How did you find singer Ruben Vasquez Amos? He's amazing! And will he become a member of Edge Of Reality?
“I actually found him by posting some 'singer wanted for progressive metal album' type flyers around London. He then sent me an e-mail and he just happened to be exactly what we were looking for; the album was already written by this point. We needed someone who could pull off all the different styles and sounds we wanted, and he just nailed all of it. I would love for him to move to the US and join the band, but unfortunately, it's not very likely. I really hope to work with him again down the line, but for now we're on the hunt for a full time singer who could carry on his legacy.”

There are a lot of contributions on the album. Did you arrange it all?
“Yeah, we did. Most of them are friends we've made at Belmont, with a couple being friends of mine from high school. It was all just a case of trying to achieve the best album we could, so if we knew that none of us had the tools to make something work, like in the case of the trumpet playing on Khanfusion, we'd just outsourced it. Luckily for us, we know a lot of talented and helpful people.”

The album sounds fantastic. How did you do this?
“I'm very glad you think so! I did all the production and mixing work myself, and honestly, it was probably the most difficult and anxiety-filled part of making the album for me. I spent about six months just mixing the album,
Edge Of Reality
reading all I could on the subject and trying to get my skills to a level I was happy with. I even wound up re-recording all the guitars on the album because the first drafts just weren't cutting it. Shout outs to Jesse and Branndon for putting up with me during that period, because I was going pretty mad.”

In the press release you mentioned that parallel albums are planned for the next time. Can you tell me something about these plans?
“We actually made a very silly video on our YouTube channel that more or less explains what these plans are. Imagine we took the first track from Scenes From A Memory (Dream Theater), The Lamb Lies Down On Broadway (Genesis), and Mercy Falls (Seventh Wonder) and put those all on one album. Then for the next album, you take track two from these albums and so on until all three albums are complete. This way you'd have three concept albums being released in parallel over many albums. That's essentially what we're doing.”

Do you intend to play live shows or to embark on a tour?
“We're playing shows around the Nashville area to work on our performing abilities and get our name out there. We obviously want to tour a lot soon, but we first want to complete the band's line-up since we're still in need of a bassist, a keyboardist and a singer. We're working hard to make this happen, so be on the lookout for us soon!”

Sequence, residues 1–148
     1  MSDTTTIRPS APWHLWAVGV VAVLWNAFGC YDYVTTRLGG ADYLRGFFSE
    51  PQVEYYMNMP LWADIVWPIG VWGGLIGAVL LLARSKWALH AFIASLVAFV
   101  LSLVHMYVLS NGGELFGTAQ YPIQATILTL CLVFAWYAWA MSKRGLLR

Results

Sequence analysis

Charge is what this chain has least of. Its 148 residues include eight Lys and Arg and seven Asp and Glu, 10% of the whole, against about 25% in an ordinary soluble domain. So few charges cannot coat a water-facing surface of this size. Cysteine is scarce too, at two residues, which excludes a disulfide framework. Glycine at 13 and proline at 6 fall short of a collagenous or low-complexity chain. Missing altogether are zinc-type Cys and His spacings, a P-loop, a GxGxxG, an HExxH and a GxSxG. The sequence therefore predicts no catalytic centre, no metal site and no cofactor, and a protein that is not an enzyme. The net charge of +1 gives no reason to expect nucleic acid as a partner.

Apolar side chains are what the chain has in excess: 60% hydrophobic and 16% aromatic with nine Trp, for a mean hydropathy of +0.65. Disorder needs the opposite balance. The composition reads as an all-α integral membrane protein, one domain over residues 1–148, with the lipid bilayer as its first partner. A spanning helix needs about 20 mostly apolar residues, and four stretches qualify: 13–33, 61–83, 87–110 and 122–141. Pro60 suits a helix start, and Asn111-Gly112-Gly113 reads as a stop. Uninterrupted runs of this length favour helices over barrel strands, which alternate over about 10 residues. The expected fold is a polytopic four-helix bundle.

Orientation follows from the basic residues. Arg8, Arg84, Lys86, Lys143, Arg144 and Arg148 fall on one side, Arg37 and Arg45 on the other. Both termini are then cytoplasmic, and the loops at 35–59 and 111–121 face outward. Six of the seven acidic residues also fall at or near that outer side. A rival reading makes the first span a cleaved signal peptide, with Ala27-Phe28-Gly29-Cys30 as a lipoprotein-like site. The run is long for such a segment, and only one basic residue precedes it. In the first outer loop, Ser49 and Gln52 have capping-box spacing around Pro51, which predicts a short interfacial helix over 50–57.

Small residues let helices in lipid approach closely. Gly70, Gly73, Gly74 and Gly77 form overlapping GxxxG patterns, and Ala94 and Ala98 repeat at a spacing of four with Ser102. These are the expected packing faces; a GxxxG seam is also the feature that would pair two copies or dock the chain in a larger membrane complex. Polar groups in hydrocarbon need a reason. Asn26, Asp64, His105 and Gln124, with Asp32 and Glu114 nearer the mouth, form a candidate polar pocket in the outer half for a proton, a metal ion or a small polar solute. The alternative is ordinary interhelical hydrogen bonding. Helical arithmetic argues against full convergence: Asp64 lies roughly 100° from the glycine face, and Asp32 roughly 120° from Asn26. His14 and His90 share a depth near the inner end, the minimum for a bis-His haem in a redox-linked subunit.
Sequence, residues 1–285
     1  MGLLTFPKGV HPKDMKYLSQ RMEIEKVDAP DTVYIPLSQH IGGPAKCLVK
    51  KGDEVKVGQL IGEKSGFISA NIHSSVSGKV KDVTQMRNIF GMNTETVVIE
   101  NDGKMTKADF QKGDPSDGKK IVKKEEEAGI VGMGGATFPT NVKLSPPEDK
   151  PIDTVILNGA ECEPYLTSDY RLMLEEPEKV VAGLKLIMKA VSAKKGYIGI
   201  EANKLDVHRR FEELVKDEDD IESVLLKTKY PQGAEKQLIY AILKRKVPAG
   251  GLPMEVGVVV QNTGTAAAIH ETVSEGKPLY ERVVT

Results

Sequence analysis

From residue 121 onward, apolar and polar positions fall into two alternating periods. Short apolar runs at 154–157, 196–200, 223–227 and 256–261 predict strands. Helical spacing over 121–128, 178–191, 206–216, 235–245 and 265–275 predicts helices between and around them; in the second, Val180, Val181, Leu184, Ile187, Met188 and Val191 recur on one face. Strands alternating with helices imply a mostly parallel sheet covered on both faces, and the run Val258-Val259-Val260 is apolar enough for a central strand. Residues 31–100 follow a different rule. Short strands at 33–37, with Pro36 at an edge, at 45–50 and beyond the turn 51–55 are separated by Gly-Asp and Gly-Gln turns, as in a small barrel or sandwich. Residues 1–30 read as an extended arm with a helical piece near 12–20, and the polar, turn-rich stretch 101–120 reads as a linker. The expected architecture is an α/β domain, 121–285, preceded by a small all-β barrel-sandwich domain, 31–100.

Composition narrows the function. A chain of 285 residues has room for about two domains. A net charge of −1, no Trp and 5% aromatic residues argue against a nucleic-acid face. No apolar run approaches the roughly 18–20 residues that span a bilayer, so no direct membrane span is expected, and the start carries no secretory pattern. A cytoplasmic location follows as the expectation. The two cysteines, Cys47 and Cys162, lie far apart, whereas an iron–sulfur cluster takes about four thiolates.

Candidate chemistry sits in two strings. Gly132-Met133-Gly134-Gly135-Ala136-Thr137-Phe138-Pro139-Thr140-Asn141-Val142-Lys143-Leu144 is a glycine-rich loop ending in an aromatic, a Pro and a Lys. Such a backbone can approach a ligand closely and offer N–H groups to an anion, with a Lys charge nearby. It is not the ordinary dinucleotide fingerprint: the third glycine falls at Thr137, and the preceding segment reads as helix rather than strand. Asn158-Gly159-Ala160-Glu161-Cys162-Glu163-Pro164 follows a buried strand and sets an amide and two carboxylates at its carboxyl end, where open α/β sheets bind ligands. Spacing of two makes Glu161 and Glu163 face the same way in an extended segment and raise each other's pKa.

How does this phenomenal group affect your work with Kyros? I like Kyros, but Edge Of Reality is one level or maybe three levels higher? Will you ever combine these two groups?
“Ha, ha, no it's unlikely that we're going to combine both bands into a super band or anything like that. Neither band really influences the other apart from me having to be in different parts of the world for each. I got used to working over the internet when I'm not there in person. What I'd certainly love to do is have a Kyros and an Edge Of Reality tour. That'd be a dream come true for me: playing a double set every night. Also, I think you'll be pleasantly surprised by the next Kyros album when you hear it.”

According to my information you're currently writing an opera. Could you please lift a corner of the veil?
“Yes, that's actually what I'm working on currently. It's a rock opera called Gone that will be told in either two or three albums, I haven't decided yet. The writing is already finished for the first one, so current struggle is the typical Joey struggle of finding the necessary musicians. In this case the vocalists to play the characters. I've got one of the two leads, but the other one has yet to be cast. For both the story and the line-up, you'll just have to wait a bit longer. The sound quite differs from Edge Of Reality or Kyros. Sometimes I think it's my best writing to date. Well, maybe; it's hard to say. I'll keep working on it.”

Do you currently have any other plans?
“We're playing a release show in Nashville on the 25th of August. Apart from that, we're just working on promoting Vicious Circle and trying to get it heard by as many people as possible. We're very proud of it, and we think it will appeal to fans of progressive music everywhere.”

Thanks Joey for answering my questions.
“Thank you very much for your support, Arne. It means so much to me.”

More info about Edge Of Reality on the Internet:
       review album 'Vicious Circle'